Sometimes we as young people are not aware that we have the present and the future in our hands. A lot of times, we are not even allowed by society or family to make decisions, so we are unaware of having the right to make decisions. Knowing our rights as young people and recognizing our power is critical. Young people should be aware of their fundamental rights.
Young people in North Macedonia are native to using digital tools, and our way of being active is through that. However, the challenge is also that young people do not have much space in the traditional form of activism. And the way to get them involved is to start inviting youth, motivate them to be part of your work, and create youth networks.
Damjan Jugović, Sarajevo, Bosnia and Herzegovina
I like to say that I am a peacebuilder, or at least actively working towards it in my country.
I’ve faced many challenges in life, starting from my status as an internally displaced person due to the war situation in the 1990’s. My family was forced to leave the Sarajevo region and migrate to the northeast. Growing up in a multi-ethnic country, I was aware very early about the importance of breaking ethnic prejudices and interaction with peers of different backgrounds. I have been running and participating in various projects that bring youth from different ethnicities and religions together, advocating to break down barriers between ethnic groups.
Since high school, I’ve been committed to improving different aspects of life in Ugljevik, where I grew up, and then in Sarajevo, initially as a student and now working for the Council of Europe on a project related to citizen participation and democracy.
When I moved to Sarajevo, I had to work to sustain myself to pay for school tuition while studying and attending university lectures. I was proud to achieve the status of the best student in my class, which motivated me to not give up. One of the conditions that is necessary for our progress is to receive support, whether it comes from family or friends.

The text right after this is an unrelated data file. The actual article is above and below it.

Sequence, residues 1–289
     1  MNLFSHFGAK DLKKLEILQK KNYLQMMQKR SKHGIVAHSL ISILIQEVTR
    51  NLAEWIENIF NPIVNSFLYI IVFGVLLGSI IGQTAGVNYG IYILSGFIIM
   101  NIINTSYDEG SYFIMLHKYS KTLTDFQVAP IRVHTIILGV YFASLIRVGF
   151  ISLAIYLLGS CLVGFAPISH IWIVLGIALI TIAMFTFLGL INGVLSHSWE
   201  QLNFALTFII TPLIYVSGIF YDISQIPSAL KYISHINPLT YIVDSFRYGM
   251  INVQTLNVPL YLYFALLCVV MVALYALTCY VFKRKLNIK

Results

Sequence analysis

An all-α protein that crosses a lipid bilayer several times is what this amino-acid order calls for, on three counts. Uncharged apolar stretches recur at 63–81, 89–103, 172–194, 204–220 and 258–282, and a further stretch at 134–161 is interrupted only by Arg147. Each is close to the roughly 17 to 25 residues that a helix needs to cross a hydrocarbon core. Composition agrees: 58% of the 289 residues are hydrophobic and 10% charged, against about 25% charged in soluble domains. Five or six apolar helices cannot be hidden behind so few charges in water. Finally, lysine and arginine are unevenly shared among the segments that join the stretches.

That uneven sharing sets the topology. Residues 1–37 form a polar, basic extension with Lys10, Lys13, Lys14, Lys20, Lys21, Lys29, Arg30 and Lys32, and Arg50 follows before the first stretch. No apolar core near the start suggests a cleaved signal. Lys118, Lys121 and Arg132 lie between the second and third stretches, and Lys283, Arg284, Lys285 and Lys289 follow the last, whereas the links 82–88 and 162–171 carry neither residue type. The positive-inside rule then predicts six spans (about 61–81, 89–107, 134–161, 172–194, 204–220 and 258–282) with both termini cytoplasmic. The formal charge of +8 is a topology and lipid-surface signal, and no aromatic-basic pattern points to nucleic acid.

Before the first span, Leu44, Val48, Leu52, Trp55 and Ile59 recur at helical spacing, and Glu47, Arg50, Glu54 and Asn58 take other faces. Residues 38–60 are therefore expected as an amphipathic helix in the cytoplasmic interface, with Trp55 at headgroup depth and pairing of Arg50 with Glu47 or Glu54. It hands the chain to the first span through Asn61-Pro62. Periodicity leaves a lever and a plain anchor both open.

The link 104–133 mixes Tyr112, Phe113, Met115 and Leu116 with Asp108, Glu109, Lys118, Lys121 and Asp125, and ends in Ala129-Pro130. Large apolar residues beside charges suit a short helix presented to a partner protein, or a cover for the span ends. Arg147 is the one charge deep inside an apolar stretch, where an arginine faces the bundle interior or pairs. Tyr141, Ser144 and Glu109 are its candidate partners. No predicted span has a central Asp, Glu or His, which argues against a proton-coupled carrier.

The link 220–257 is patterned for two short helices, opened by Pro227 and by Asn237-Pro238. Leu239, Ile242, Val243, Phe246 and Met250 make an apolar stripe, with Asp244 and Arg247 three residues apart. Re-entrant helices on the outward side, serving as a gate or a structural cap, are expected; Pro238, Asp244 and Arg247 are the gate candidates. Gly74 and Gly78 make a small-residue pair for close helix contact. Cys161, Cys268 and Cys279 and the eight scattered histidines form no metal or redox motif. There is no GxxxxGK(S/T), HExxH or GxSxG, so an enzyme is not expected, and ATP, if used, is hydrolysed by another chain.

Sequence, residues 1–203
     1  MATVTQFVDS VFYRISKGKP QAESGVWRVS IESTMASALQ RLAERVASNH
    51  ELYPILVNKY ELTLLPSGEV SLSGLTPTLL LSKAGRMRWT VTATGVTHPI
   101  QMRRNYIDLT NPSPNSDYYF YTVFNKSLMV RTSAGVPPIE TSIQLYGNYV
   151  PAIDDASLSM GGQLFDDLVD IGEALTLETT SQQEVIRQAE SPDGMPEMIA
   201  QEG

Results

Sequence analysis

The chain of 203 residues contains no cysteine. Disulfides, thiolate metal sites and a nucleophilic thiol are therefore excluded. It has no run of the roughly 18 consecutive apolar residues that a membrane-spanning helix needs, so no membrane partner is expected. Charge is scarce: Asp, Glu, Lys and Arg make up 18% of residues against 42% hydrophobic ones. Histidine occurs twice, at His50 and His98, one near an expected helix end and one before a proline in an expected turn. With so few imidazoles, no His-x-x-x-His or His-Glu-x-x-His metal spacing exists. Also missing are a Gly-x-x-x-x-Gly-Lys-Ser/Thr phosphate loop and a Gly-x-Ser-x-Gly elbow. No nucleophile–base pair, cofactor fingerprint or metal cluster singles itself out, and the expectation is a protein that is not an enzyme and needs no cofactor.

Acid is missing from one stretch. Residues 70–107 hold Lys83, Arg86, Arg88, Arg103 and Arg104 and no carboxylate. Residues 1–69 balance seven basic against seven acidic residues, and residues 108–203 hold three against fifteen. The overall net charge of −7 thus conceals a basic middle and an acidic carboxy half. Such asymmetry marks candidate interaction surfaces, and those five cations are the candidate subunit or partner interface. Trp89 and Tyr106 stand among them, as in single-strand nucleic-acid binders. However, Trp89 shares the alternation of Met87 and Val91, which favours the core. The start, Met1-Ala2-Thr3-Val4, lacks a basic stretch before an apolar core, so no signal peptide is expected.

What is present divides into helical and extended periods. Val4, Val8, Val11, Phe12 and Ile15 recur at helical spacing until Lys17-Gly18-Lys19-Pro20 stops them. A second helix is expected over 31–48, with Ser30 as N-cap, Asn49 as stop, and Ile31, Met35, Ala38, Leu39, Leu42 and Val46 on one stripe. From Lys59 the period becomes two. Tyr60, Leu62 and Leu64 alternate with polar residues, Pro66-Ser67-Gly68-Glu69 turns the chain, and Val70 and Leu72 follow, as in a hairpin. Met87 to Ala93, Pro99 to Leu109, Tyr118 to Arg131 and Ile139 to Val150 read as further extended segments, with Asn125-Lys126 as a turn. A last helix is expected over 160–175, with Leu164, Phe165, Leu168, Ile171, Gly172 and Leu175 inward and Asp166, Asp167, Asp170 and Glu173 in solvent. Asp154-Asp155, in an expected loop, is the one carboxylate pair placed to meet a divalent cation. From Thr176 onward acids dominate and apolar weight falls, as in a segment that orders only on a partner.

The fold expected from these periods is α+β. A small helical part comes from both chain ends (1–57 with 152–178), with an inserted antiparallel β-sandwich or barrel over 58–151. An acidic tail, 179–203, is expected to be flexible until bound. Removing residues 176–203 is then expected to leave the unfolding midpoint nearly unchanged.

At the Council of Europe, I represent my country as part of their “Youth Peace Ambassadors” program. I’ve developed local projects for peace and advocated for human rights and dignity, bringing this international experience to Bosnia and Herzegovina.
I don’t believe that things will get better for youth and go in a positive direction in the Western Balkans until society realizes the potential of fruitful cooperation and working together. However, to achieve that, it is necessary for society to invest more in education both formal and non-formal, and for our generation to think more critically, learn about our past and use it to create a future for ourselves.
UNDP enhances youth civic engagement and strengthens youth participation in peacebuilding. The people featured here are part of the "From Divisive Narratives to Shared Futures" initiative, in collaboration with UNFPA and the Regional Youth Cooperation Office (RYCO). The initiative provides opportunities for young people across the Western Balkans to work together across conflict and societal divides for strengthened peace, reconciliation, and security.
* References to Kosovo on this website shall be understood to be in the context of Security Council Resolution 1244 (1999)